Part I: Requirements Management Activities
This is Part I in a series of three posts about Table Views in GENESYS. In Part II, our guide takes us through system architecture activities by reviewing components traceability tables, functional I/O tables, and a wire harness table, illustrating the great power and insight that a model-based systems engineering tool can bring to your practice.
In our latest GENESYS 2023 release—R2, we introduced a powerful feature that provides a streamlined approach to managing and visualizing data—Table Views. This capability allows users to create, customize, and explore data in an organized and efficient manner, making it easier to analyze and convey the results of that analysis to others.
This blog post is the first in a series of three that will take you through the how-to of Table Views for different use cases. In this first post, I will guide you through an explanation of metachain queries and tables that support the requirements management activities of requirement development traceability, verification traceability to requirements, and verification status management.
In the second post, I will take you through the application of tables in reviewing the development of a systems architecture from the perspectives of traceability from concept to requirements, functional specification, and detailed design architecture.
In the third post, I will guide you in the use of the table to support the programmatic activities of managing concerns and risks.
A metachain is a set of data elements within a larger data model, where each element has its own characteristics, and the elements are connected to one another through relationships. The chains can have many layers of data with each being connected through a relationship. A metachain query is a way of examining and traversing large data sets to create a subset of data for a specific scope or purpose. The query is a way of setting up search criteria that uses the element types and characteristics, and how they are linked together, to expose data from the model.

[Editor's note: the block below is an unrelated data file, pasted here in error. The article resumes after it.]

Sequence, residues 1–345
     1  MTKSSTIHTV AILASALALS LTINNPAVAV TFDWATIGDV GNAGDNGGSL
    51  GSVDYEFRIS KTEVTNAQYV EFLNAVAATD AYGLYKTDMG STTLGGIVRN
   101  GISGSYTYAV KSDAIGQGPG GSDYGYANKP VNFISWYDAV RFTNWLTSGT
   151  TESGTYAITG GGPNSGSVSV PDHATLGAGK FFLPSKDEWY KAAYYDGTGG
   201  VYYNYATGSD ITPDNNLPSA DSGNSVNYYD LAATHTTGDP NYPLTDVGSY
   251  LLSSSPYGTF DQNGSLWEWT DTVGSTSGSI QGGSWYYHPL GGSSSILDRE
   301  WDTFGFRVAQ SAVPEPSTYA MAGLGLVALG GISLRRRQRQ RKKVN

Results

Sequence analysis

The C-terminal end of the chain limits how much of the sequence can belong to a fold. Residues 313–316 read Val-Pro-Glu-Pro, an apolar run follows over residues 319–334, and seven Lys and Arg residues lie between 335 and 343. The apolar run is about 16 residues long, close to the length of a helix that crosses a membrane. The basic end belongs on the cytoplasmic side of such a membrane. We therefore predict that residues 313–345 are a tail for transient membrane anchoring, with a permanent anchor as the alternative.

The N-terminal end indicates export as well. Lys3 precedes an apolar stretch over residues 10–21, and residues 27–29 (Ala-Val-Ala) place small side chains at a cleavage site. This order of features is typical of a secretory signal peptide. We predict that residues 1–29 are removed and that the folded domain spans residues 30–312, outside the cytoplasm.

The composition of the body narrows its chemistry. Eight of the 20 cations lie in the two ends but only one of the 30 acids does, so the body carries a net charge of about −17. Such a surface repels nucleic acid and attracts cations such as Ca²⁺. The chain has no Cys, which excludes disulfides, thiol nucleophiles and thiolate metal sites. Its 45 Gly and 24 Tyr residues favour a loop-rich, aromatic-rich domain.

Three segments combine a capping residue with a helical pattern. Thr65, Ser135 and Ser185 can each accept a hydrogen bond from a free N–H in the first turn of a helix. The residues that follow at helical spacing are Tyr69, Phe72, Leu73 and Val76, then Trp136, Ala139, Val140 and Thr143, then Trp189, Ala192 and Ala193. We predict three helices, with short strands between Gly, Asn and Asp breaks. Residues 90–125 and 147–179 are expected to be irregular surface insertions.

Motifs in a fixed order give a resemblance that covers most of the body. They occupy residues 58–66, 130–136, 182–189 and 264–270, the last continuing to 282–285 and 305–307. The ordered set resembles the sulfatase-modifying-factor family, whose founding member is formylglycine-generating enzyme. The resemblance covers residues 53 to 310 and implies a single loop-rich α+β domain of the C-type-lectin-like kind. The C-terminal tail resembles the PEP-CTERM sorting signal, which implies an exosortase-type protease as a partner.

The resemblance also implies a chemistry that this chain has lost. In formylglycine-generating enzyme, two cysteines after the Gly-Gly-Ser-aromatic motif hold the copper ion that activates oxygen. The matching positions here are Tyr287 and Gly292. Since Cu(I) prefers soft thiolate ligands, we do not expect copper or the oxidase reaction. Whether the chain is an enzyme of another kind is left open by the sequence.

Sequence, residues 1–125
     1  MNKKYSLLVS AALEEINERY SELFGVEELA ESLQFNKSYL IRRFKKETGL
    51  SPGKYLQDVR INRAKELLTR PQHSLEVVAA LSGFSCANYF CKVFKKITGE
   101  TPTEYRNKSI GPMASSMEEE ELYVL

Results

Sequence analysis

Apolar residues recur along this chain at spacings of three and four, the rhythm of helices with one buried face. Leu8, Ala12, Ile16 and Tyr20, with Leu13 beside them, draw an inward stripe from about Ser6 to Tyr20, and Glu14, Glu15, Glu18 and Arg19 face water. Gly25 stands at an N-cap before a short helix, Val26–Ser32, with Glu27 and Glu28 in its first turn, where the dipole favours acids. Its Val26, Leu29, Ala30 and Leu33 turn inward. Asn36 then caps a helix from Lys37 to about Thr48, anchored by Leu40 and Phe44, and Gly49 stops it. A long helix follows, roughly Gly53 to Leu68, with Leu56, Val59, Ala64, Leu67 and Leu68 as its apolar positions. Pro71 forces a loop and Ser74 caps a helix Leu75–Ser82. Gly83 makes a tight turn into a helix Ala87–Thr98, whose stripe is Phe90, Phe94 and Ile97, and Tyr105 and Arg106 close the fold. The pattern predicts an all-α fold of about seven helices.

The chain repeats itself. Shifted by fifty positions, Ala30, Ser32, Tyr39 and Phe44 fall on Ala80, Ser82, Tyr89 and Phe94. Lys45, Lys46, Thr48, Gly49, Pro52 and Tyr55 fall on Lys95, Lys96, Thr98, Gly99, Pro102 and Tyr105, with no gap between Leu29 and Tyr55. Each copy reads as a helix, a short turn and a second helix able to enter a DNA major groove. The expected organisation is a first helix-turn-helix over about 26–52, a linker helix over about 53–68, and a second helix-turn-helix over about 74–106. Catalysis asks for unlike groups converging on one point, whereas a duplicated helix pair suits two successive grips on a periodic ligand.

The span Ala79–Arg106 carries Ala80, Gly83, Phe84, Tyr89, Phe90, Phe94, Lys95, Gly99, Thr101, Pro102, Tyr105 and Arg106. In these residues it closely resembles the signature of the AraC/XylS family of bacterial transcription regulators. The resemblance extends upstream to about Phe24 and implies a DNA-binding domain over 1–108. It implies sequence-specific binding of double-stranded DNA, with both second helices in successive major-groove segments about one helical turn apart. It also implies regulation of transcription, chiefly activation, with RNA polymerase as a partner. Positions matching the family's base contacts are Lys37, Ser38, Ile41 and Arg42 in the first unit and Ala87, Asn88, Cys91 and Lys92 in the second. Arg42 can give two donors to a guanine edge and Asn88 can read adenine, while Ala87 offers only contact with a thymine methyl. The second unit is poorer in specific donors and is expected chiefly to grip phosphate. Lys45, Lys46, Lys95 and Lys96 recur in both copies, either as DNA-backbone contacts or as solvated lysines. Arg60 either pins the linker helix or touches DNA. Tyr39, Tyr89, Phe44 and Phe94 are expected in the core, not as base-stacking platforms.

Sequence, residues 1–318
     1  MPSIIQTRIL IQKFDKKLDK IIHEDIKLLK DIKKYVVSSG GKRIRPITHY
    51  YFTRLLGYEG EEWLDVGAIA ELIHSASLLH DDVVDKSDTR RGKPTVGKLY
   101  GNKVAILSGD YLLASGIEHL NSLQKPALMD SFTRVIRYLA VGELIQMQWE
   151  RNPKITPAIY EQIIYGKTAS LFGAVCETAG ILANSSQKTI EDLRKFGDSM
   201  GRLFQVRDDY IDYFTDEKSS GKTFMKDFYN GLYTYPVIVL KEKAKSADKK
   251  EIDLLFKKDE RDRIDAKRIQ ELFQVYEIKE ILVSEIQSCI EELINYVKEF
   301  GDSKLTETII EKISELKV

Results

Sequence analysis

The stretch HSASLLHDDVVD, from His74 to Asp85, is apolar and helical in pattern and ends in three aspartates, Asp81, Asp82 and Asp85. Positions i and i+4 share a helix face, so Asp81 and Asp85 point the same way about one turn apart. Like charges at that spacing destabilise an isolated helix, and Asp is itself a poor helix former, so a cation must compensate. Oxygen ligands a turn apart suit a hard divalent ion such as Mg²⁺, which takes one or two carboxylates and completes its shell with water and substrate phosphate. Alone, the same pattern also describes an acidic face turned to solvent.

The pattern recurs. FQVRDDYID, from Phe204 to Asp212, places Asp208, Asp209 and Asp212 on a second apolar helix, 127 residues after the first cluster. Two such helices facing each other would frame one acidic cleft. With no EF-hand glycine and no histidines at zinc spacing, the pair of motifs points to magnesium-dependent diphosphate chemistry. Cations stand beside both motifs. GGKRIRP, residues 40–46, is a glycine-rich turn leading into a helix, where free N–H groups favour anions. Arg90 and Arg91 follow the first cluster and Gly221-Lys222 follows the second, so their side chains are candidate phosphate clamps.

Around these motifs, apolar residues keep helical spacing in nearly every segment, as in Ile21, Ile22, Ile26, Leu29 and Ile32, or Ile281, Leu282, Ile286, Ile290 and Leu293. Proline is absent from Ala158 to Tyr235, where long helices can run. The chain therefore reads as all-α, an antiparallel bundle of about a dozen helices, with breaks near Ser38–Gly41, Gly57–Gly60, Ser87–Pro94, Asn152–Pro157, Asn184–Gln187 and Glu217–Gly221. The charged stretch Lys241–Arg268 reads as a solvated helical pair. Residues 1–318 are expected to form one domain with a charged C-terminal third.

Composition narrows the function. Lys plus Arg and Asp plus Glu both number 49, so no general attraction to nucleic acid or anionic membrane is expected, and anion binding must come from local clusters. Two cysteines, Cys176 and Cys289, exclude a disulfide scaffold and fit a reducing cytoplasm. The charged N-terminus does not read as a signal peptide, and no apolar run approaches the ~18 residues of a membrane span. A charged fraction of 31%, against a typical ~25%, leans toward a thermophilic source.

The query focuses on the linkages, or relationships, to dig through the layers. Relationships can be one to one, one to many, many to one, or many to many. By using the relationships, the metachain query continues until everything of interest for a specific scope or purpose is captured in the data set. The visualization of this metachain is what proves so helpful to the engineer, and Table Views is a window into this wonderland.
In GENESYS, the query starts with an initial set of entities, and we identify the attributes of the entities that are of particular interest. We extend the query by identifying the relevant relationships and collecting those additional entities and their attributes, which we can then display in tables for a specific purpose.
Requirements Traceability Table